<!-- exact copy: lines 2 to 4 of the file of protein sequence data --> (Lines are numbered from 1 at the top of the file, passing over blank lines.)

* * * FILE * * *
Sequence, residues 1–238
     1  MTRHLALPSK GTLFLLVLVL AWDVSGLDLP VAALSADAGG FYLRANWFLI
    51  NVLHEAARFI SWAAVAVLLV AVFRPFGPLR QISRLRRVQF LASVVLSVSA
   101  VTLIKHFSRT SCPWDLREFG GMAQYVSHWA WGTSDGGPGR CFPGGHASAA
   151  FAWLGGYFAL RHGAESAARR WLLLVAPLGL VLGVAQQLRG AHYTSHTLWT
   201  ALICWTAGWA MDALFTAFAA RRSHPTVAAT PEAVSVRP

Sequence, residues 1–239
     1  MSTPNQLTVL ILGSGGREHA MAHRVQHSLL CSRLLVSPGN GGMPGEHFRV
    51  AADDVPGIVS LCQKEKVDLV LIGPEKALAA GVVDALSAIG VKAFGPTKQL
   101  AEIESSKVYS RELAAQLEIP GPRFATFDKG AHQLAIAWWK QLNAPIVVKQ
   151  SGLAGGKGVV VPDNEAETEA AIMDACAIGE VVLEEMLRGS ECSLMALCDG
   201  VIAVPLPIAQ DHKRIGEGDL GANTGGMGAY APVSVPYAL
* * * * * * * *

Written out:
     1  MTRHLALPSK GTLFLLVLVL AWDVSGLDLP VAALSADAGG FYLRANWFLI
    51  NVLHEAARFI SWAAVAVLLV AVFRPFGPLR QISRLRRVQF LASVVLSVSA
   101  VTLIKHFSRT SCPWDLREFG GMAQYVSHWA WGTSDGGPGR CFPGGHASAA